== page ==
Men who are tall, muscular and have high testosterone levels may be able to trace these traits to the nutrition they received the first six months of their lives, according to a new study.

The study researchers said nutrition affects testosterone levels in infants, and may hold the key to these long-term effects.

"Most people are unaware that male infants, in the first six months of life, produce testosterone at approximately the same level as an adult male," study researcher Christopher W. Kuzawa, associate professor of anthropology at Northwestern University in Evanston, Ill., said in a statement.

The results are based on a group of 770 Filipino males, ages 20 to 22, who have been part of an ongoing study since 1983.

The researchers found that males who experienced rapid growth as babies an indication that they were receiving adequate nutrition were taller, had more muscle, were stronger and had higher testosterone levels as young adults than those who didn't undergo such rapid growth.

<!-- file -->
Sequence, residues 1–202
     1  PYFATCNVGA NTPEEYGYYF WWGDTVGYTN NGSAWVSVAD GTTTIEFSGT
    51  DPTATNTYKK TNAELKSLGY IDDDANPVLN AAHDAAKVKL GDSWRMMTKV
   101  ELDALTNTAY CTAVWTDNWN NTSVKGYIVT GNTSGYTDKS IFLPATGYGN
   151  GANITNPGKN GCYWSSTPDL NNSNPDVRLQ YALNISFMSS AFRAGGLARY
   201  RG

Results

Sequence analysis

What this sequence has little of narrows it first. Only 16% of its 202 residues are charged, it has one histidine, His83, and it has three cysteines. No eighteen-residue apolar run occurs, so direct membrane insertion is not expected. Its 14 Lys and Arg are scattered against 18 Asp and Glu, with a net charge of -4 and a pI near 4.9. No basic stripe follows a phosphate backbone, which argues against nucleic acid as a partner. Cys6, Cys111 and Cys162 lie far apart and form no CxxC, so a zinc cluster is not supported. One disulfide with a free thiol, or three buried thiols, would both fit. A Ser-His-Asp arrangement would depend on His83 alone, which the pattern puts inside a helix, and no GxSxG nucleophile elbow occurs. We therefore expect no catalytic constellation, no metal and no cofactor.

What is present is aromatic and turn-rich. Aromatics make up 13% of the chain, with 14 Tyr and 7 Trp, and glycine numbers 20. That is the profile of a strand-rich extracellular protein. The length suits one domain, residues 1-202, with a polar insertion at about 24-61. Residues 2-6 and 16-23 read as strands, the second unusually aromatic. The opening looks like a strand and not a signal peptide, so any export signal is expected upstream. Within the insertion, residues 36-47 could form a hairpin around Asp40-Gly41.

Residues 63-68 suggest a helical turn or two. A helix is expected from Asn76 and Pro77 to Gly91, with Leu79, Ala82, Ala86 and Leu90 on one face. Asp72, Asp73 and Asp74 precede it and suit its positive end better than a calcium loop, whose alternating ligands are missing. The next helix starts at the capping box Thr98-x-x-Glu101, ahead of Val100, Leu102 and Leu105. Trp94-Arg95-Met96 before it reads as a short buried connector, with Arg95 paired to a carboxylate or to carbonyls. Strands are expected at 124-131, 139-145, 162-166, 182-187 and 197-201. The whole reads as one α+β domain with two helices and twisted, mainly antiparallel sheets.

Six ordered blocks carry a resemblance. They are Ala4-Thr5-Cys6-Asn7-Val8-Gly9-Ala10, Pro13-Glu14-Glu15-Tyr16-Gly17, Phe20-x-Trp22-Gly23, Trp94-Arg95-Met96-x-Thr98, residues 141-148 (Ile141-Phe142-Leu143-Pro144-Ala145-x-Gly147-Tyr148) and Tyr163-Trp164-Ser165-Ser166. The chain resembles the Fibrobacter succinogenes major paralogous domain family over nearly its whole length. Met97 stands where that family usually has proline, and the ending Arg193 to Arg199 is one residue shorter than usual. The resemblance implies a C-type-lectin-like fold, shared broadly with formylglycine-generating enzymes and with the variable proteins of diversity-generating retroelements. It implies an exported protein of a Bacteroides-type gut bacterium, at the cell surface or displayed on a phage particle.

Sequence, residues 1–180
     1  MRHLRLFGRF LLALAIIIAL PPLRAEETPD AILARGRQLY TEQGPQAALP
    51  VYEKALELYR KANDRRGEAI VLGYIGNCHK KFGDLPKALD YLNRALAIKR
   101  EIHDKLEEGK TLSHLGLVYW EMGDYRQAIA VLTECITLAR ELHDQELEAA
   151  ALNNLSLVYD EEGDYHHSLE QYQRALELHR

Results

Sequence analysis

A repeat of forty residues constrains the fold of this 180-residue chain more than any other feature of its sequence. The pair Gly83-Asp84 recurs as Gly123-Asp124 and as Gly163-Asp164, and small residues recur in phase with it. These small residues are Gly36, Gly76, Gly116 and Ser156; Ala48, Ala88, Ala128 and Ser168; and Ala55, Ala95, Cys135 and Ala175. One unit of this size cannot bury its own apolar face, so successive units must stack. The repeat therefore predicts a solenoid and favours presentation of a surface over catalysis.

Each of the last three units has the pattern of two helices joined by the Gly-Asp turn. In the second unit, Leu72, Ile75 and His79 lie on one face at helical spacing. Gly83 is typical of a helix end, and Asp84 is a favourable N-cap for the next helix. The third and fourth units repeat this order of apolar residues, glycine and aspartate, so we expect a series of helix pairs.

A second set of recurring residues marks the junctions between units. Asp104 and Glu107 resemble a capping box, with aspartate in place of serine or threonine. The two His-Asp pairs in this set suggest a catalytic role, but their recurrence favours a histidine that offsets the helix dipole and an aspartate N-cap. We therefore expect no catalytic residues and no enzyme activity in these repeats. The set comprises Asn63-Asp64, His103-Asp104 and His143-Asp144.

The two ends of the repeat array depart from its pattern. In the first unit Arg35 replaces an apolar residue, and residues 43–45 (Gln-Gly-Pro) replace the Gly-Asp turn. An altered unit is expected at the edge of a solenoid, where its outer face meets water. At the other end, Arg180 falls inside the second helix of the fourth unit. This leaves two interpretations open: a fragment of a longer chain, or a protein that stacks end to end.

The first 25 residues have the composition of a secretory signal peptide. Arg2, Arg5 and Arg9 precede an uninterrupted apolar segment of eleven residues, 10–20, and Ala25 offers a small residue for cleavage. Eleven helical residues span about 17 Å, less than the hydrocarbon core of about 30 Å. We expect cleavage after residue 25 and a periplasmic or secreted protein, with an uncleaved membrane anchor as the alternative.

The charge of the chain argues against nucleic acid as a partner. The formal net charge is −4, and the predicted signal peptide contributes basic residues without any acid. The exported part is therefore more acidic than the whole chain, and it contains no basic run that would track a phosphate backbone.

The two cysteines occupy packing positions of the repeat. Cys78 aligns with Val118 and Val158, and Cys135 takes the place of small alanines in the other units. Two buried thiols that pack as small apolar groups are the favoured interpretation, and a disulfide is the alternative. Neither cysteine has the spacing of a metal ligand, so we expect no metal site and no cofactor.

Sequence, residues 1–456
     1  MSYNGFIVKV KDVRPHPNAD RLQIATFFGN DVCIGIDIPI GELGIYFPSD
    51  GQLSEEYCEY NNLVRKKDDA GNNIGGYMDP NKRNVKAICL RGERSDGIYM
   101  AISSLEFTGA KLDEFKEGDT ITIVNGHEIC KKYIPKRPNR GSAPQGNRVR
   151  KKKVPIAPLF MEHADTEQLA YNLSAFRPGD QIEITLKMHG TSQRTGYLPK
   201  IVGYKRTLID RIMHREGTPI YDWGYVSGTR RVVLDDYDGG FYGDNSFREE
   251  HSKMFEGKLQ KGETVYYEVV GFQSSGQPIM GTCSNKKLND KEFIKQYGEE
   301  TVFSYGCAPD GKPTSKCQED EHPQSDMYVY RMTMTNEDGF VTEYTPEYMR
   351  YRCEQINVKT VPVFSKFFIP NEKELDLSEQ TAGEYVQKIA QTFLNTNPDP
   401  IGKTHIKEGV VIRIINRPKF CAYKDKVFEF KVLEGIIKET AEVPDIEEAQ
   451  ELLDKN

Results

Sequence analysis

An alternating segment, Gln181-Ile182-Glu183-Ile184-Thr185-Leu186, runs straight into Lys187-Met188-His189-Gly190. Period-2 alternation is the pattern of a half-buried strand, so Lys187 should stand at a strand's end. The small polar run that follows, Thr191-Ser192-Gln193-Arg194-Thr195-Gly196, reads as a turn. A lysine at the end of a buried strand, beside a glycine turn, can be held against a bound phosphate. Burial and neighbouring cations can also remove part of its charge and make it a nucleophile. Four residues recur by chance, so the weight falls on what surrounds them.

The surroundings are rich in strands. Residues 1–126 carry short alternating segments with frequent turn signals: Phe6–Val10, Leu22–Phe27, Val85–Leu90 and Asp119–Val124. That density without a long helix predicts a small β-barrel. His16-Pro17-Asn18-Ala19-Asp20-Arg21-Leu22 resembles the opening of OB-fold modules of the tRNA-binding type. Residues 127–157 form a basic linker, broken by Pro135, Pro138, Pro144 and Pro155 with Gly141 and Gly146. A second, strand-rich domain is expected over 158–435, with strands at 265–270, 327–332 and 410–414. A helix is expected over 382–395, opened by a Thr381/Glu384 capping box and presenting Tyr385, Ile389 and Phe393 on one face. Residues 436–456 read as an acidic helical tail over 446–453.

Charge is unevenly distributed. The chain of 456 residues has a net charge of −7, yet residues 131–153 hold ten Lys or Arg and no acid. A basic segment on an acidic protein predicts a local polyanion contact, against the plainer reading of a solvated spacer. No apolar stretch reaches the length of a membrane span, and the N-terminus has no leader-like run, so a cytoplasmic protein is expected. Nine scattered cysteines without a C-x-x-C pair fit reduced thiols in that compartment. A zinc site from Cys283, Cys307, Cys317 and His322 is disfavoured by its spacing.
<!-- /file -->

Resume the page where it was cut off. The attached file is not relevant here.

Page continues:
They also had sex for the first time at a younger age and were more likely to report having had sex in the past month, resulting in more lifetime sex partners, according to the researchers.

"We looked at weight gain during this particular window of early life development, because testosterone is very high at this age and helps shape the differences between males and females," Kuzawa said.

The results weigh in on the nature-versus-nurture debate, the researchers said, by making a strong case for the role of nurture in differences between males and females and in the timing of puberty in boys. The study provides evidence that genes alone do not shape our fate.

"The environment has a very strong hand in how we turn out," Kuzawa said.

Testosterone has long been known to increase muscle mass and adult height, according to the researchers. The new study suggests that the age of puberty is also influenced by events in the first six months of life.

"Early experiences can have a permanent effect on how the body develops, and this effect can linger into adulthood," Kuzawa said. There is a lot of evidence that this can influence risk of diseases like heart attack, diabetes and hypertension -- really important diseases."

The study was funded by the National Science Foundation and the Wenner Gren Foundation, and was published today (Sept. 13) in the journal Proceedings of the National Academy of Sciences.